This bungalow is certainly on the site of one of the old Tarran bungalows but, now in private ownership, has undergone such a transformation that its origins have quite disappeared.

At least one of Wolverhampton’s prefab estates, the one in Henwood Road, has transformed itself into a very neat estate of brick built bungalows. But another, the East Park Estate, whilst following the same course, seems not to have got far enough along it before it was caught by a combination of the Government’s "Decent Homes" policy and the city council’s finding that "there is no financially viable refurbishment solution" for them.

Now in private ownership, this bungalow, with its new bay windows, porch and garden wall, shows how the old prefab can still meet new needs and tastes.

Dr. George Barnsby’s "A History of Housing in Wolverhampton 1750 to 1975", provides details of the building of this estate. The Housing (Temporary Accommodation) Act 1944 provided for the building of prefabs. Under the Act the local authority provided the sites and the site works, the Ministry of Works erected the prefabs and painted them externally and made a garden path and fencing. Maintenance and repairs then became the responsibility of the council, who arranged the lettings, for a rent that was then not to exceed 10 shilling perm week.

Two more examples, showing more and less radical improvements.

In November 1945 the Housing Committee presented a report to the council proposing that 500 prefabs should be obtained for erection on sites which had originally been acquired for permanent housing in Bushbury and off the Willenhall Road – the East Park Estate was in the Willenhall Road South area. In this they were being optimistic because the government policy was to allocate available prefabs to those areas which had suffered worst bomb damage. This did not include Wolverhampton. But the government had targets to meet and so would allocate prefabs to less badly hit areas if they had sites prepared. So in early 1945 the council had 400 prefab sites ready and by March 1945 the prefabs had been allocated and work had started on them. They were all finished by 23rd November 1946.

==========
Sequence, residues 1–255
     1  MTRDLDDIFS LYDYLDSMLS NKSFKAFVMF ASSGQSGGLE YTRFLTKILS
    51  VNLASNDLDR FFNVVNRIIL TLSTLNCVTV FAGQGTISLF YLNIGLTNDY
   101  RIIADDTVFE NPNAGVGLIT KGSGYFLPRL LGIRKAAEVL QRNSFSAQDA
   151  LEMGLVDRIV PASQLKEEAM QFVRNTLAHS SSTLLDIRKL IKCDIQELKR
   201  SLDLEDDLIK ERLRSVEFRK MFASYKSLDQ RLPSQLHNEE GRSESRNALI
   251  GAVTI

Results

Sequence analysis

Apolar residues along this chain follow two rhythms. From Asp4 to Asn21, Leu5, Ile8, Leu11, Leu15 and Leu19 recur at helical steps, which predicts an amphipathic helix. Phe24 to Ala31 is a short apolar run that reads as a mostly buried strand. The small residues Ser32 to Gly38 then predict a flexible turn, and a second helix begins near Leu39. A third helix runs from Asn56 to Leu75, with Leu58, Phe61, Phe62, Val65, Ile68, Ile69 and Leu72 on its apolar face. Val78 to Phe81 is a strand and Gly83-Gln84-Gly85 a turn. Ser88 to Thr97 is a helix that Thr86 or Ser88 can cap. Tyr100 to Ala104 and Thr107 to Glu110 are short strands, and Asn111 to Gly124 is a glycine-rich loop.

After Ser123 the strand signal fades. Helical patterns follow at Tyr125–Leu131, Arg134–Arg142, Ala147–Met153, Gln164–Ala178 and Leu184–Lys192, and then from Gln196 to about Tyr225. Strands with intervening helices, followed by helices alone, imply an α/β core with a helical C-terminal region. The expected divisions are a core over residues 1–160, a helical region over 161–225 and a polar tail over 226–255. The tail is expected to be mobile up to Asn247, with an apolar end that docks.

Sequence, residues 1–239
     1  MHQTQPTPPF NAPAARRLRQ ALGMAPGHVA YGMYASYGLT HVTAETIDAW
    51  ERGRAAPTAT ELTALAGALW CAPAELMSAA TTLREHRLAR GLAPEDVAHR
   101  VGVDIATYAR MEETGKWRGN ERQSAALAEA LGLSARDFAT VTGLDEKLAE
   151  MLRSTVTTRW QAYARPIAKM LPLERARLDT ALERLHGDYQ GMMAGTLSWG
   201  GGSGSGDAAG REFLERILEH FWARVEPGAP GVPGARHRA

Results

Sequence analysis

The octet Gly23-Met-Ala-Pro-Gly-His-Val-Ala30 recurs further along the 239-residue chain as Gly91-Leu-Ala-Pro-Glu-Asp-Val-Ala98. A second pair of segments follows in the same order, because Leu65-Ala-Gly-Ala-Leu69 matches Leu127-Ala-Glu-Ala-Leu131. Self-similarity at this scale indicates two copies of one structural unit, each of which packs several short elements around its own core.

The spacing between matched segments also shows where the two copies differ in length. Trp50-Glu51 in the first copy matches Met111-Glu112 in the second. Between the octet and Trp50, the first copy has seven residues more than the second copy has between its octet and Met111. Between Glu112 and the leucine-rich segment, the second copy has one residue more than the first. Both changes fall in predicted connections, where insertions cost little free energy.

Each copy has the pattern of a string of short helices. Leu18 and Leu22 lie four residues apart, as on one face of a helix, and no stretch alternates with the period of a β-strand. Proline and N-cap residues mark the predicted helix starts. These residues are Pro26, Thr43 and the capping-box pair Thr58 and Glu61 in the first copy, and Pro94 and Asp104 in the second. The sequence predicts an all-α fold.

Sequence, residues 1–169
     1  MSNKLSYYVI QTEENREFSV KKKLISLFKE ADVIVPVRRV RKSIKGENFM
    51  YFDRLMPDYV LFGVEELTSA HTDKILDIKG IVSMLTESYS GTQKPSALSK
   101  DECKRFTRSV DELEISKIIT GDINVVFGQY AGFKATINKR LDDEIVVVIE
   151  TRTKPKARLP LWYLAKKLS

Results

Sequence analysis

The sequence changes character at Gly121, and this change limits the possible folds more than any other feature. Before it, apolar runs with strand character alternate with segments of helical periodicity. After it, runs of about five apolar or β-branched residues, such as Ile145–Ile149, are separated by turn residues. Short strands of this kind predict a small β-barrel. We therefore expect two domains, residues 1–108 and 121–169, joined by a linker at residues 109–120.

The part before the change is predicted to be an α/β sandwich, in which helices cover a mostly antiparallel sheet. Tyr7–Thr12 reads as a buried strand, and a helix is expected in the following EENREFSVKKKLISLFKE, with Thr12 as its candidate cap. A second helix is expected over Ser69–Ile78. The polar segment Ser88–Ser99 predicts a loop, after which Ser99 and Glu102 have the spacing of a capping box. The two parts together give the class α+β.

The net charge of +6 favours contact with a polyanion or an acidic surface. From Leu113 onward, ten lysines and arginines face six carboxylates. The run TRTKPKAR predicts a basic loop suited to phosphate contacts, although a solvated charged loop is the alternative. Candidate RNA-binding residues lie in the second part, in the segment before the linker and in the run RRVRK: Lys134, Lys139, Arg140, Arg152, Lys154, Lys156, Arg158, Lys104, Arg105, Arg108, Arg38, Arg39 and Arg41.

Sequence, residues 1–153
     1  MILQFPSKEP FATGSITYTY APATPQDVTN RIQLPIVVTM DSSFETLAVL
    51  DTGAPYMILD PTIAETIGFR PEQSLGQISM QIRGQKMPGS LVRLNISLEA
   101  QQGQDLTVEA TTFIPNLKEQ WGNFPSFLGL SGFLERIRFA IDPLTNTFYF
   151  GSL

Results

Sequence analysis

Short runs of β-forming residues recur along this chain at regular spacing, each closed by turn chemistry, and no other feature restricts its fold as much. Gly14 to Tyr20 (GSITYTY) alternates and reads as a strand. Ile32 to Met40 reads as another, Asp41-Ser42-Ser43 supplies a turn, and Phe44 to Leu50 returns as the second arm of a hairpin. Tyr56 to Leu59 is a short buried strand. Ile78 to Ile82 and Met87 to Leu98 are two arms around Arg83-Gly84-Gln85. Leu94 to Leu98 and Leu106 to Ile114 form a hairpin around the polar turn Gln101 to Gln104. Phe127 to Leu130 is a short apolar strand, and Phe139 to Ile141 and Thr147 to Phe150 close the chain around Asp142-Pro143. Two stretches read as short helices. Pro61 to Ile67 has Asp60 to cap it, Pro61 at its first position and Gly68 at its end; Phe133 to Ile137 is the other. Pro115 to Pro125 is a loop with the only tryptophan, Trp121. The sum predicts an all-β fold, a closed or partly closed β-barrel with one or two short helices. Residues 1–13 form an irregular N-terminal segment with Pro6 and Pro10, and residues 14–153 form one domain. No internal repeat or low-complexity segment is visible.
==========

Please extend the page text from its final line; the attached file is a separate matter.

Another row of original bungalows look out on to their communal green.

Dr. Barnsby says that of these 400 prefabs, "293 were of the Tarran type and 107 were of an American type". The remaining prefabs on the East Park estate all appear to be of the Tarran type. Of these Dr. Barnsby says: "The Tarran bungalow had a floor area of 655 feet (sc. square feet), including a shed. The walls were units of resin bonded plywood covered with asbestos sheeting. Bathroom units and kitchen cupboards, etc., were of steel. The accommodation comprised a living room of 150 sq.ft., two bedrooms of 125 sq.ft., kitchen, bathroom, separate w.c., and hall". Although at this time the use of asbestos was common it is not at all clear that there actually was any in the Tarran homes. Indeed all of those on the East Park Estate have walls on concrete panels finished with pebbles. There may be some sort of confusion here. The Tarran bungalows were designed in the USA and some were imported from there.

These Tarran bungalows remained in the council’s housing stock but gradually they were cleared away and their sites rebuilt with permanent homes.  At the moment, October 2003, there are only 130 of them left. As appears to be the case with all such bungalows, the residents were and are greatly appreciative of them.

All the remaining bungalows on the estate are now doomed, both the council owned ones and the ones recently sold by the council to their occupants.  There are many long term residents, now elderly, who will have to move out.

In September 2003 the council decided to refurbish the bungalows to the government’s "Decent Homes" standard "subject to a further structural investigations". The report was duly received and it was to the effect that the bungalows could not be bought up to standard in a way that was financially viable. The council decided to demolish the whole lot, including those they had recently sold to their occupants, and redevelop the whole site. Having decided that they then sent out officers to consult individually with every occupant. The occupants seem reluctantly to have accepted the inevitable, rather than to have welcomed being thrown out of their comfortable homes.  In the Express and Star in October 2003 the mainly elderly residents were all expressing the feeling that they would rather have stayed in them than be moved out. Indeed under the right to buy scheme several of them had been bought by the tenants and varying degrees of improvement were carried out by the purchasers, at least one case seeming to have involved a complete rebuild.

It is a great tribute to the original design and building of these houses that, although intended to last for only 10 years, nearly 60 years later their residents are still happy in them.